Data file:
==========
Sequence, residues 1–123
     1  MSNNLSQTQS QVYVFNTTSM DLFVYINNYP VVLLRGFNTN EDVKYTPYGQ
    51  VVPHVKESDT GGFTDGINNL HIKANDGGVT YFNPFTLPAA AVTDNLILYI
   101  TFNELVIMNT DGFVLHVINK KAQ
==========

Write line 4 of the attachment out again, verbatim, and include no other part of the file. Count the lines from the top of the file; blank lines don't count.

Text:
   101  TFNELVIMNT DGFVLHVINK KAQ